We posted an update on social media recently regarding the database which will eventually house all the songs we have catalogued as part of the Language in Lyrics project. We are delighted to be working with the technical team at the Digital Archives of Scottish Gaelic (DASG) who are building a very exciting database prototype for us as we speak. We will be sharing updates on this as the project progresses, but in the meantime we thought we would release one of our completed spreadsheets of song metadata on Google Sheets every week in hope they will be helpful to folks until we get the full database up and running.
The first of these is the Angus R. MacDonald manuscript, housed at the Beaton Institute. Below, you will find links to the song metadata in the collection, information about the bàrd himself and a link to the full MS text (our gratitude to Jane Arnold, head archivist at the Beaton, for uploading a scanned copy of the text at our request).
These indexes are still a work-in-progress, so if you see any mistakes or you can provide any additional information we haven’t included, please let us know by leaving a comment in the Google Sheet!
= = = = =
Angus R. MacDonald Manuscript
The poems of Angus R. MacDonald, French Road, Cape Breton
Index of song metadata available on Google Sheets via Language in Lyrics.
Full manuscript text available online via the Beaton Institute.
Recording of Angus R. singing a song of his own composition, ‘Oran do Bheinn Chlann-Domhnuill’.
Biographical information below from a post by the Beaton Institute:
“Angus R. MacDonald [1884-1973] was a bard from the French Road area in Cape Breton. A carpenter ‘by nature’, he was particularly skilled in the construction of churches. Aside from his labour it is clear that Angus R. strongly valued Gaelic language and culture. He served as president of the Gaelic Society of Boston, where he lived for [-] years, and spent his spare time composing Gaelic poetry. His composition ‘Oran do Bheinn Chlann-Domhnuill,’ like many of his compositions, praises the community where he was reared. In his song the mountain is brought to life. We hear the mountains perspective on its own body, the surrounding landscape and how it provides for the Gaelic settlers on it’s lands.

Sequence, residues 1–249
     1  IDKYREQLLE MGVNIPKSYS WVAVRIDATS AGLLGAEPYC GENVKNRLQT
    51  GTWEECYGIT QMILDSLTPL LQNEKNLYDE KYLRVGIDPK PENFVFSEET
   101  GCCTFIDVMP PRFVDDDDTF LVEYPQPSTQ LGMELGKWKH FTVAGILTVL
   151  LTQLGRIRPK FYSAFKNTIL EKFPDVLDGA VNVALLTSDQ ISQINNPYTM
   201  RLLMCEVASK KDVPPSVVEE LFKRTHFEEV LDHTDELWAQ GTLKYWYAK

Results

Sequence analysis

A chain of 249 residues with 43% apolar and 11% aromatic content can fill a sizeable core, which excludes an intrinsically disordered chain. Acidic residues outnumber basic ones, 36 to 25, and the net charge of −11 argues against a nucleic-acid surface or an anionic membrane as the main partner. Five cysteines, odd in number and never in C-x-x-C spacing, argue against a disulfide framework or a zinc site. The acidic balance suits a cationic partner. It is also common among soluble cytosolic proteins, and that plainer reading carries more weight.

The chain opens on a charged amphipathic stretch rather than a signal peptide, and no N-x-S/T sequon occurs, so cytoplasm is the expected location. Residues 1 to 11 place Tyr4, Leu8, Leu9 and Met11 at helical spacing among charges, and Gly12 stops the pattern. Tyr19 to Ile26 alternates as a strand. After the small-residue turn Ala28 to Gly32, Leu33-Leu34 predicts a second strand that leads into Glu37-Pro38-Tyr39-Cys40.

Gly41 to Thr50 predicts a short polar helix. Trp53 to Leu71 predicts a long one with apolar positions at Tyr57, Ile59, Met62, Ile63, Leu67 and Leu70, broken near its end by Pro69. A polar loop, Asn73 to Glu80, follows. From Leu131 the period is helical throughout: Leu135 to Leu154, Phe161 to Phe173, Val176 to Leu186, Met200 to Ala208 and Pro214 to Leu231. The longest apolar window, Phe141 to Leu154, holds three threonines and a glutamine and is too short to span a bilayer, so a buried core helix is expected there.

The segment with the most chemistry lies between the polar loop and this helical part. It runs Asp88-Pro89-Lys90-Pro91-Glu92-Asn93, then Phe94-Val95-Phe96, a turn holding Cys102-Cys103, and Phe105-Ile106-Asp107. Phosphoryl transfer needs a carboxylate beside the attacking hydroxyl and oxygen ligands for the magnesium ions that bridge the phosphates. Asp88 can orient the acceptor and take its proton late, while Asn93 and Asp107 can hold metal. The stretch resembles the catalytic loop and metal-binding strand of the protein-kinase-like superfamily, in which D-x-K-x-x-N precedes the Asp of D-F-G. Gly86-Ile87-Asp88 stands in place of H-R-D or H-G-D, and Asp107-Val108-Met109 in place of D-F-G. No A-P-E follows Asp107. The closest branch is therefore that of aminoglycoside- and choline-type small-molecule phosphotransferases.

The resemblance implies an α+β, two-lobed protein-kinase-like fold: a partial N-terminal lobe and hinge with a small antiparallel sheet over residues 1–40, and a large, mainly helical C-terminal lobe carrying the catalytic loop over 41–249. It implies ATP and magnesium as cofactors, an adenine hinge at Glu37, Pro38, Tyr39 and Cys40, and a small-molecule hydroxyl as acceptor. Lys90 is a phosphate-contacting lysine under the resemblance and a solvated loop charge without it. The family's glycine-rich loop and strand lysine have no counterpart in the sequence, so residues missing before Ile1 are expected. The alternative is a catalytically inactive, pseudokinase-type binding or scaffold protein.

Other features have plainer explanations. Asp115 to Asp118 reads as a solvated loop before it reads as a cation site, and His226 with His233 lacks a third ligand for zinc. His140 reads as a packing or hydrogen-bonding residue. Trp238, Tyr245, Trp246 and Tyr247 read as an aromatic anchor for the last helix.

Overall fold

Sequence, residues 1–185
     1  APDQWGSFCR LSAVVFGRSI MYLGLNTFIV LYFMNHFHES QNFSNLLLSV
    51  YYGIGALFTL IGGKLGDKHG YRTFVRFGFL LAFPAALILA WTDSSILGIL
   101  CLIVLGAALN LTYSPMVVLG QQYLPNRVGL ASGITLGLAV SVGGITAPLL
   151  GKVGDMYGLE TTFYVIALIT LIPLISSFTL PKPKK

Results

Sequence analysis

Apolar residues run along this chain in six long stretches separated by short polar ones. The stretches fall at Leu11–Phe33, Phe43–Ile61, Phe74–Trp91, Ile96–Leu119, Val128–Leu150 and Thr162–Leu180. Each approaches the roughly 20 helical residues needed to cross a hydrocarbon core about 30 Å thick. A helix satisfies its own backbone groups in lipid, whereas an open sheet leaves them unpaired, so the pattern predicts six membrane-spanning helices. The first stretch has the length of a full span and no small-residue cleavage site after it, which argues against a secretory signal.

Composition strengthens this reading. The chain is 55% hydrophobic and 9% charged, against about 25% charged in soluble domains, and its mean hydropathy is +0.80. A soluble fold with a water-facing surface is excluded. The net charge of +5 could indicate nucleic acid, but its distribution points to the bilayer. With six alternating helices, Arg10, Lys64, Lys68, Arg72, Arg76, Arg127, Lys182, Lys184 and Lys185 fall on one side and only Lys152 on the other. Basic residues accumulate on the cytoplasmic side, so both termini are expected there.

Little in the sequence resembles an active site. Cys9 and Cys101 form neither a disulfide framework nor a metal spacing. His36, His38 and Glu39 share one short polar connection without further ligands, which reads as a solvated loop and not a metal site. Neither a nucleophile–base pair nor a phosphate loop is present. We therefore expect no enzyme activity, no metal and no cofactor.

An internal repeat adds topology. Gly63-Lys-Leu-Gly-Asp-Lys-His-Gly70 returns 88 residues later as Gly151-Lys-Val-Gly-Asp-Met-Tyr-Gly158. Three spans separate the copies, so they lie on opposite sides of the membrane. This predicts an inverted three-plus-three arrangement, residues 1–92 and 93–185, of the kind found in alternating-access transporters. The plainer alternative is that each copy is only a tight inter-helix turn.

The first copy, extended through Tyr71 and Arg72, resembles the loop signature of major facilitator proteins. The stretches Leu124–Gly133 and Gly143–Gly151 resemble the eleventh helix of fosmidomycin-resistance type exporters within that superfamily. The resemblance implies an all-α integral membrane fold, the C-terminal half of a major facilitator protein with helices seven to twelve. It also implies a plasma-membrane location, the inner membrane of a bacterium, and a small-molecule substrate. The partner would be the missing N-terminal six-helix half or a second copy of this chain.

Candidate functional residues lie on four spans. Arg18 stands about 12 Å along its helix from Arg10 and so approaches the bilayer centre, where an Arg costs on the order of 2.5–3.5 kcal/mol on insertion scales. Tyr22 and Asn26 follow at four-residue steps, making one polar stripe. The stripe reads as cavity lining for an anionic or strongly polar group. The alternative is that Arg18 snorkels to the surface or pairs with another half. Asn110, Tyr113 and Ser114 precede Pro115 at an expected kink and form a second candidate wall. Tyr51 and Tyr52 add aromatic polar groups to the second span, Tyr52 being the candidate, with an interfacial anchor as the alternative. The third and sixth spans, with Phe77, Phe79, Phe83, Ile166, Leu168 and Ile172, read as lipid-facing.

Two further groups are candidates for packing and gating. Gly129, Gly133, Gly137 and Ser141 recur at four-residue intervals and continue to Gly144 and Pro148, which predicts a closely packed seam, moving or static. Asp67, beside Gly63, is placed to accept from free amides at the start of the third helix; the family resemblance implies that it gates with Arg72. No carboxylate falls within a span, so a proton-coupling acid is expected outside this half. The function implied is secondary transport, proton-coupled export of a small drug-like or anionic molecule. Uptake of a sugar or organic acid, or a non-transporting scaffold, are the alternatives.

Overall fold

Angus R. was an enthusiastic and consummate singer and when new verses were needed he began to write them, as he said, “to sing for my friends.” Not literate in Gaelic, his compositions remained unrecorded until Angus married his second wife, Mary Lizzie MacNeil, who taught him to read and write the Gaelic language. Once literate he began transcribing his compositions and a number of his songs were published in Achadh nan Gaidheal, the Gaelic column of The Casket newspaper.
MacDonald’s compositions were often simple in nature, reminiscing on characters, ceilidhs and weddings from his youth on the French Road. However, he also reflected on more serious subjects with compositions exploring rural outmigration, mining accidents, young men leaving for war and death in general. ‘Everything written is a reflection, and they show something of a writer who has greatness within himself, a philosophy built on honour, truth and good will to all, a faith and spirit that always looks up, and a wise humility.’ As Angus himself humbly stated: “I never thought much of my barding, but I’ll be very glad if others enjoy singing and reading it.”
A recording of Angus R. MacDonald can be found through our digital archive: https://beatoninstitute.com/angus-r-macdonaldTranscriptions of all MacDonald’s songs are housed at the Beaton Institute: MG 6.33 A transcription and translation of Oran do Bheinn Chlann-Domhnuill may also be found on Pg. 200 of Fergusson’s ‘Fad air Falbh as Innse Gall.’”